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noisy heating pipe
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Posts: 26
Joined: Aug 2009
Post: #1
06-03-2010 09:50 PM

Hi all, this is a question for someone with central heating experience.

We have a brand new central heating system (completed as part of a fairly extensive renovation project) and one of the pipes makes quite a bit of noise. It does it while the heating is on. To describe the noise:
- few minutes pause
- then a series of popping / crackling for about 5-10 seconds
- few minutes pause and then repeats

If it were dripping or something, wouldn't it do it constantly - with no pause while the heating is on and the pressure is up? I understood from the plumber that due to the joists (as this is in an upstairs bedroom) there was a tight fit for the pipes and he had to work around it. We've laid flooring down, but weren't staying in the room at the time. So we weren't aware of this constant nuisance until recently.

There are two radiators near where the sound occurs. I've attempted to bleed them many times, but no air escapes. I've even tried limiting the flow to one of the radiators and that seemed to help for a little while, but not anymore. The towel heater in the bathroom needs a little bleeding every few weeks. But this may be because a lot of air was in the system when it got installed and we've taken radiators on and off to install the flooring. But if this were an air issue, wouldn't it move on eventually?

Any advice is appreciated. Our setup is brand new, combi boiler, no tank (that I'm aware of), pressure is good around 1.5 (just shy of 2 bars when boiler is at full blast).


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Posts: 1,796
Joined: Mar 2005
Post: #2
06-03-2010 10:20 PM

One of our pipes underneath the floorboards used to make a noise due to expansion when the heating was on which affected one of the clips which was holding it in place; the pipe vibrated and hit the clip and the floorboard above which made a banging noise. I dont know if this helps but it may some thing like that thats wrong rather than something inherently wrong with your system, however if there is air in your system it may need a full drain down as bleeding radiators only really resolves the problem temporarily in a few locations. Air can get in to the system at any time through faulty TRVs ie thermostatic radiator valves and given the considerable length of pipework in any home getting rid of air blocks is not straightforward. The main indication of air is when radiators are not heating through properly, ie cold at the top/bottom , hot elsewhere, not just noise. However the best advice is to contact your plumber as they really should be sorting this out for you.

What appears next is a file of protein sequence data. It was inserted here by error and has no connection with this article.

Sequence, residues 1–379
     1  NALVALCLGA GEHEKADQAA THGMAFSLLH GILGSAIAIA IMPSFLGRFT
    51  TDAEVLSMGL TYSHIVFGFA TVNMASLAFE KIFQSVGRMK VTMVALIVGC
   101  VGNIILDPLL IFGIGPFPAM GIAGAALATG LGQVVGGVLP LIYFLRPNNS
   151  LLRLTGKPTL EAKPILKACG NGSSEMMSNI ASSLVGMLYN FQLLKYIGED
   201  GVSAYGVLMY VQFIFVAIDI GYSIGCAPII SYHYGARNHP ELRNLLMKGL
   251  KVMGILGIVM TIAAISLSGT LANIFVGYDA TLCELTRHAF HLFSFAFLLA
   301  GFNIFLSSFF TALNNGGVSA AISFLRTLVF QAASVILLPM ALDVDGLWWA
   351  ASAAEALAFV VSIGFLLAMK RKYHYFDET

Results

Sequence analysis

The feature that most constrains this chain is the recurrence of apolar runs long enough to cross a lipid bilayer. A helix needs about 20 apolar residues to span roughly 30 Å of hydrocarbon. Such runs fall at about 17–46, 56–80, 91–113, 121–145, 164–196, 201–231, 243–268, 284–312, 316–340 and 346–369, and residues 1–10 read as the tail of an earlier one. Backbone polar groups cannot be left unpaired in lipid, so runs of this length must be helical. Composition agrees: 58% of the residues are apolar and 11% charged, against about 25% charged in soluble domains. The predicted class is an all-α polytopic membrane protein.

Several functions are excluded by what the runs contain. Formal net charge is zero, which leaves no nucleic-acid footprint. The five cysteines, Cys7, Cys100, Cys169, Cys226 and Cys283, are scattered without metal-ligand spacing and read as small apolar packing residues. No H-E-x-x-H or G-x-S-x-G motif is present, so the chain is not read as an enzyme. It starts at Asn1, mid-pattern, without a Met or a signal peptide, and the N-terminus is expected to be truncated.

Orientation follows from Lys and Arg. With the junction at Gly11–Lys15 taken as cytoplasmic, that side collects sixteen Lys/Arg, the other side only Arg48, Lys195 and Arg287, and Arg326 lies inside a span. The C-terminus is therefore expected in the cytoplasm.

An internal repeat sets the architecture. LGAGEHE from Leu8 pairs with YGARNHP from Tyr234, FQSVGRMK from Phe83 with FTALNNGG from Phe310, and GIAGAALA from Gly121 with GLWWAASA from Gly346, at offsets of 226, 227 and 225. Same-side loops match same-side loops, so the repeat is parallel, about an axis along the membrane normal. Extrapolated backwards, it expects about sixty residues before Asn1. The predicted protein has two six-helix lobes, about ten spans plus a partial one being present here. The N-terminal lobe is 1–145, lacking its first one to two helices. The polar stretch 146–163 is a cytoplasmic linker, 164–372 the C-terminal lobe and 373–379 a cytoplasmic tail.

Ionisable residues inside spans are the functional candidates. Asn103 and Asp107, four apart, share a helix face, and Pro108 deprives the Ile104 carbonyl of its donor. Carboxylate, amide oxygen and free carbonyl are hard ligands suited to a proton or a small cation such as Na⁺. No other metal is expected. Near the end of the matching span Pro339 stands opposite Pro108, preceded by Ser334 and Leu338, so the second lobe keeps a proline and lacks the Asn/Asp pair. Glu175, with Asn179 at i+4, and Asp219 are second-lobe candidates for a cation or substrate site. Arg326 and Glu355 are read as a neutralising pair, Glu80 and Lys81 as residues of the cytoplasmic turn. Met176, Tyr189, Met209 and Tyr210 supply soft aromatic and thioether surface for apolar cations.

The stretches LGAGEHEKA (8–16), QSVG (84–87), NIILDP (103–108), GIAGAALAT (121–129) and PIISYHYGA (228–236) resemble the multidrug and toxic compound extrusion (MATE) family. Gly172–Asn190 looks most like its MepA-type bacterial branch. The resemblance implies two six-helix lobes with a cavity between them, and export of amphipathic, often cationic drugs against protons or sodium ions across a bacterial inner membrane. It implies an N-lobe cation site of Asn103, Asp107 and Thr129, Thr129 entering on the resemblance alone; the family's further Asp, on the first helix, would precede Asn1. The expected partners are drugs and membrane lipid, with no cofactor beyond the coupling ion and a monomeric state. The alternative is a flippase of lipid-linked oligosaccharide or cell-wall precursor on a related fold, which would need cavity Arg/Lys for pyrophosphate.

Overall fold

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Posts: 26
Joined: Aug 2009
Post: #3
08-03-2010 10:17 PM

thanks, for your advice

I've tried some stuff to begin troubleshooting. it looks like it's actually not the pipes. I got rudely woken up last night at 05:00 by the noises so I got fed up and took action. First I shut off the radiator I thought may have been the problem. I did this by turning the thermostatic valve all the way to the off position - it had been fully open.

That didn't really change anything - though at first the noises weren't as loud. So I shut off the other radiator. That did the trick. But unfortunately, it's too cold to go without radiators - so I had to turn one back on, but not all the way. And guess what? The noise is back, a bit quieter, but it's back.

Looks like I may need a plumber after all. Sad

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